Photo Sharing and Video Hosting at Photobucket[/img]

  • Member since
    November 2013
Posted by intruder_bass on Monday, August 13, 2007 11:14 PM

  Holy Mother of Helicopters!, that would be an extrimly cool conversion for that TOW Huey! Do you have any other photos of this system? I hope its not classified anymore :-))

   Andy

  • Member since
    January 2007
  • From: Auburn, Alabama
Posted by rotorwash on Monday, August 13, 2007 11:20 PM

Andy,

  Have you looked at the last three pages of this thread?!  "Holy Mother of Helicopters"  I LIKE it!

    Ray
 

  • Member since
    November 2013
Posted by intruder_bass on Tuesday, August 14, 2007 12:34 AM

  Are you kidding? :-))

I've been glued to this thread since the very begining and I have to admit - this is the most interesting thread I have ever read! I cant describe my apritiation to you guys for bringing out all this information on Vietnam Hueys! Outstanding reference!

   One question to everybody

Do you mind if I translate all this into Russian for Dishmodels.ru so that all helo fans on the other side of the Globe be able to see and enjoy this???  Of course there will be a link to this original thred so that all the rights will be reserved.

  Andy

  • Member since
    December 2002
  • From: Aaaaah.... Alpha Apaches... A beautiful thing!
Posted by Cobrahistorian on Tuesday, August 14, 2007 5:54 AM

Andy,

Sure!  Just give credit where its due!  If you need pics of the XM-26 armament system, just let me know.  I shot a full walkaround of 553 at the Army Aviation Museum. 

Jon 

"1-6 is in hot"
  • Member since
    January 2007
  • From: Auburn, Alabama
Posted by rotorwash on Tuesday, August 14, 2007 6:33 AM

Andy,

  That sounds GREAT!  I'm all for sending the HUEY message global.  I know she has fans in Canada, England, Austalia, and other parts of Europe. Why not Russia?  To think besides being an INCREDIBLE builder, you ALSO speak Russian!Bow [bow]  Good luck and keep us posted! 

    Ray
 

  • Member since
    January 2007
  • From: Auburn, Alabama
Posted by rotorwash on Tuesday, August 14, 2007 6:42 AM

Jon,

  If I understood you correctly, this is 261 firing from the single TOW launcher?

Photo Sharing and Video Hosting at Photobucket" border="0" /> 

  • Member since
    November 2013
Posted by intruder_bass on Tuesday, August 14, 2007 6:58 AM

  Thank you very much gentlemen!

  Jon - I would love to see walkaround of 553!

Andy

  • Member since
    November 2013
Posted by intruder_bass on Tuesday, August 14, 2007 7:01 AM
 rotorwash wrote:

Andy,

 you ALSO speak Russian!Bow [bow] 

    Ray
 

Cool [8D]

Yeah...Thats a side effect of living in Russia for 23 years))))

 Andy

  • Member since
    December 2002
  • From: Aaaaah.... Alpha Apaches... A beautiful thing!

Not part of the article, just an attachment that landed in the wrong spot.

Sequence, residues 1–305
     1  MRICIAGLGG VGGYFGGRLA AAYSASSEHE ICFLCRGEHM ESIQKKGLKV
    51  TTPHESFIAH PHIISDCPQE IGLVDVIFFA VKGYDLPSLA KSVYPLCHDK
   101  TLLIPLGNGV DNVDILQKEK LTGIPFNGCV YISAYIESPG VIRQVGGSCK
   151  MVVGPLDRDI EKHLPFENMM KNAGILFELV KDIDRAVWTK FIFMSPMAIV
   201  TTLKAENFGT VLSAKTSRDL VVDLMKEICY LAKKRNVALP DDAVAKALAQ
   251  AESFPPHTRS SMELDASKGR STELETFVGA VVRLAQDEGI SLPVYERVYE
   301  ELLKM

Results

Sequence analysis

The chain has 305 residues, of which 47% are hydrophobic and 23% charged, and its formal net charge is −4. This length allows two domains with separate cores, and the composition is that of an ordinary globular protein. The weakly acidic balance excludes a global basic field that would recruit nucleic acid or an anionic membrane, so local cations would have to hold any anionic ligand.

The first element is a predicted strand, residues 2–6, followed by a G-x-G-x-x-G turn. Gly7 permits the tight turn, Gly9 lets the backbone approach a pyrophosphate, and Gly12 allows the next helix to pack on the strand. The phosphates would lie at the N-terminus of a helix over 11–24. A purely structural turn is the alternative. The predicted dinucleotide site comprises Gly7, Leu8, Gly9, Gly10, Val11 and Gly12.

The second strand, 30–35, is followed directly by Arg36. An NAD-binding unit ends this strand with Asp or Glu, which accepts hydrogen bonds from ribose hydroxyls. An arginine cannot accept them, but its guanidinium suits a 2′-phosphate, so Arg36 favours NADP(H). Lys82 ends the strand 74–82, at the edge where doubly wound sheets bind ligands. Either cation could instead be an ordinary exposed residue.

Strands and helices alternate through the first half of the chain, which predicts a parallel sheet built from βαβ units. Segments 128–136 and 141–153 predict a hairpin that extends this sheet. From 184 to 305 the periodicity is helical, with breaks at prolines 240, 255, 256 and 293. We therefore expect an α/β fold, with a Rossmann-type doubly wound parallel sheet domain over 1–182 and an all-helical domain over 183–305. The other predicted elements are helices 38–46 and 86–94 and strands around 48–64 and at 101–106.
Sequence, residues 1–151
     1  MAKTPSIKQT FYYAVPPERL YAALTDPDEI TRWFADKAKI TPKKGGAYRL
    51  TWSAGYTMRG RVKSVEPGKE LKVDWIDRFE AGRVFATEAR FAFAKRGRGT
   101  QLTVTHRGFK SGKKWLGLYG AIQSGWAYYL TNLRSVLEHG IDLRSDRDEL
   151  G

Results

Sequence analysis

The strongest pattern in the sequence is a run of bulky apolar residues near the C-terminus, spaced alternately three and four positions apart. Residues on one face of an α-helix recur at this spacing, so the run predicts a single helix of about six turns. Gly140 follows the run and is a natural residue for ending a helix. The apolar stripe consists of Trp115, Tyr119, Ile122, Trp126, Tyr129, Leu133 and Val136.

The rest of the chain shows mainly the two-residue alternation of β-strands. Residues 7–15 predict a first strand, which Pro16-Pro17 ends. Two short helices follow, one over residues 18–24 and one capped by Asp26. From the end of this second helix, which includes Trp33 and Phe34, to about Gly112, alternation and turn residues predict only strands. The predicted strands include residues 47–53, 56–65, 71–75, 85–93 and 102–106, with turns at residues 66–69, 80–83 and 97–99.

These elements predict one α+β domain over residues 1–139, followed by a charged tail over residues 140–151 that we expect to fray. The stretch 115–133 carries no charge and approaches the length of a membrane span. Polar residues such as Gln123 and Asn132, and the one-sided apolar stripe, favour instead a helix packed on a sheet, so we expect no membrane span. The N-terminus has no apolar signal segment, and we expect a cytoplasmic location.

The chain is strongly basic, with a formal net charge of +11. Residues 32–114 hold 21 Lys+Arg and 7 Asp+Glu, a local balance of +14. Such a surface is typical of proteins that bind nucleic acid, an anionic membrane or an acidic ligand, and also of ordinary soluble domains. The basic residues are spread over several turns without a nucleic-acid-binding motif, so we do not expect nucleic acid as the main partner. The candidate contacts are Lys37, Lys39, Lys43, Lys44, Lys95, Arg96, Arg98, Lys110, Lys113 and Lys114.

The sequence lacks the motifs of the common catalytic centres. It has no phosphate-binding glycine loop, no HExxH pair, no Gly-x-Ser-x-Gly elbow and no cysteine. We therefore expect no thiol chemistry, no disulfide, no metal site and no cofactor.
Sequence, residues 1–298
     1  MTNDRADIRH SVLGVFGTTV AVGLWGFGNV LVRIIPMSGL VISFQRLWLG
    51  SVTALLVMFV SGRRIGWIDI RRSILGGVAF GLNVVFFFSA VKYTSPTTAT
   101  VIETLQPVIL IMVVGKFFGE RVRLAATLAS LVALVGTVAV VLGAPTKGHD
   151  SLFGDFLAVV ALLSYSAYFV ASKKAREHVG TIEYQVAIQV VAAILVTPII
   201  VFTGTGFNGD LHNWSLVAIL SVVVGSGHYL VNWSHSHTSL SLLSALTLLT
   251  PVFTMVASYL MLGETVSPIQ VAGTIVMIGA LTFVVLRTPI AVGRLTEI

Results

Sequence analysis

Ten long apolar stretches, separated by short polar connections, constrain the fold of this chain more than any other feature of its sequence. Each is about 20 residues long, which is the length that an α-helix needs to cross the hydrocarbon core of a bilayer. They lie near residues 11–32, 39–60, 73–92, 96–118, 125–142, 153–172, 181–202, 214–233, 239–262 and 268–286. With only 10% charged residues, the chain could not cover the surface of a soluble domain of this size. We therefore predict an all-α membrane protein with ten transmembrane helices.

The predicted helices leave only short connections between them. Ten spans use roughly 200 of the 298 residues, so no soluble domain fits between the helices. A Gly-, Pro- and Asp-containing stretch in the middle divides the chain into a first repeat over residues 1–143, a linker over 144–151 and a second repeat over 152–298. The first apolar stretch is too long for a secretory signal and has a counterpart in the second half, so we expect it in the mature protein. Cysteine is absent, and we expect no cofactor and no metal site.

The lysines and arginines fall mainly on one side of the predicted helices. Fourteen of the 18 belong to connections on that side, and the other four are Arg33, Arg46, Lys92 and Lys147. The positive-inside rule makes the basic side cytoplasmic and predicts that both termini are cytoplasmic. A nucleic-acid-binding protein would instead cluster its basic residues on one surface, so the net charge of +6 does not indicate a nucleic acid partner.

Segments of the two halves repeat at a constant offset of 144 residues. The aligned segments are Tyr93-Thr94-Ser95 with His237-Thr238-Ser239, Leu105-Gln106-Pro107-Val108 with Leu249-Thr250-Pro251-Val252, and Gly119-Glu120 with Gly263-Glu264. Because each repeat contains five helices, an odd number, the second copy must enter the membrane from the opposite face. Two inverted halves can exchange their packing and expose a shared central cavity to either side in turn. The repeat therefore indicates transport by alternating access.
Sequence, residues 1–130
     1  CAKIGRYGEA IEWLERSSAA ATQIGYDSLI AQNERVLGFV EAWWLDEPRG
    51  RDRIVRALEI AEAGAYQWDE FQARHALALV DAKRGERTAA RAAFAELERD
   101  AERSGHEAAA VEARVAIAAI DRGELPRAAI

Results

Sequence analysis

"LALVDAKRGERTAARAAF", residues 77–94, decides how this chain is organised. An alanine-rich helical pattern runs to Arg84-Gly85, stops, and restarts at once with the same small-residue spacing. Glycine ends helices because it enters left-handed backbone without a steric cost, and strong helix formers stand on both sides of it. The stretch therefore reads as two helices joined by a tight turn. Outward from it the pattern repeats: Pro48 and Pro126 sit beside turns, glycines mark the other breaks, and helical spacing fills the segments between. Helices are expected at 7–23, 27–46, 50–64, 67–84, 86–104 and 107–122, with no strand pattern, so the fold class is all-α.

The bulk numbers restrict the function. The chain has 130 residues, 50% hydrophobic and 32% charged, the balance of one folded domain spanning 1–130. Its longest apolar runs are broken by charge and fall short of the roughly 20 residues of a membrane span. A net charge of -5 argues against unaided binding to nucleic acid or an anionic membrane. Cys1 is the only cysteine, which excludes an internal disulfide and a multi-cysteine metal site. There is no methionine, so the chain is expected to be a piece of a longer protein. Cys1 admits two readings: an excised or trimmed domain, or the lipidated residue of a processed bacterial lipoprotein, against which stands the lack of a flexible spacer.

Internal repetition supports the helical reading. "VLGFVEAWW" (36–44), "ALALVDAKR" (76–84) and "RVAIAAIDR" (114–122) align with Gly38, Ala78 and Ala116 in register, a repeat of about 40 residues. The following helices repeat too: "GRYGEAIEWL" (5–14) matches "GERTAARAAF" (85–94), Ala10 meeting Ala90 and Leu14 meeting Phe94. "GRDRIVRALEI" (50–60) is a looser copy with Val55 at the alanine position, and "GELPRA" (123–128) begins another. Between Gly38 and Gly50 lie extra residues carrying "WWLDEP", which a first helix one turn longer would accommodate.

Posted by Cobrahistorian on Tuesday, August 14, 2007 7:05 AM

Ray,

Yes, that is 261 as far as I can tell.  Matches up pretty well with the pic I posted yesterday which we know is 261.  (and there's no camo!)

Jon

"1-6 is in hot"
  • Member since
    August 2004
  • From: Maryland
Posted by Chief Snake on Tuesday, August 14, 2007 9:05 AM

Ok, there are now four involved in TOW testing activities that have been tagged to the initial and Cheyenne program. What about #5, the NUH-1M? Only my guess but perhaps that airframe was used in evaluating the continued development that eventually became the AH-1 modification.

 

Chief Snake 

  • Member since
    December 2002
  • From: Aaaaah.... Alpha Apaches... A beautiful thing!
Posted by Cobrahistorian on Tuesday, August 14, 2007 9:08 AM

Chris,

Either that, or 105 was given a -13 engine at some point and became the NUH-1M?  From documentation, we know there were 5 XM26 systems made.  But were all actually fitted on aircraft?

Jon

"1-6 is in hot"
  • Member since
    January 2007
  • From: Auburn, Alabama
Posted by rotorwash on Tuesday, August 14, 2007 9:13 AM

Jon,

  I was hoping that 105 would be listed as one of the aircraft from it's lot that got the -13 upgrade, 101, 107, and 110 wer listed as recieving th UH-1M upgrade, but not 105.  Perhaps it is an error, but as I said, barring some evidence, I think it has to be assumed that she stayed a UH-1C. 

   Ray
 

  

  • Member since
    August 2004
  • From: Maryland
Posted by Chief Snake on Tuesday, August 14, 2007 12:39 PM

Well, the site could be in error about the NUH-1M as the serial is totally different between the now known C serial and the M in question. But I have to say that the accuracy of that imformation on the site is extremely good. If the #105 stayed a C until it was cycled out to be replaced by an M for continued testing toward the eventual AH-1 system then it fits the logic of using the best thing you can get when testing. The N designation obviously means involvement in a special test scenario since it has popped up on a different series airframe. But so far the bulk of the N designation was geared at the TOW development. The most modern designation progressed to M which is now associated with special operations oriented aircraft. Logical, but unproven.

And, I have found gaps in the site data which are largely the fact that no data was reported. The #105 could well have gone on to get a -13/M upgrade but the organizer of the site hasn't uncovered the confirmation of that. My experience with the C's is that the ones remaining in use the longest were all eventually Ms. Again, logic says that a retiring airframe doesn't need an upgrade and the highest upgraded airframes may have been all that were required to fill the force. One of my good friends was in the MDARNG Air Cavalry unit into the 80's and they were flying UH-1Ms. In the late 80's I got to FTIG and the PAARNG had both Oh-6's and UH-1Ms at that time. When I stopped my active TPU in 1996, both MD and PA had lost their OH-6 and UH-1M airframes and were flying AH-1F airframes. 

 

Chief Snake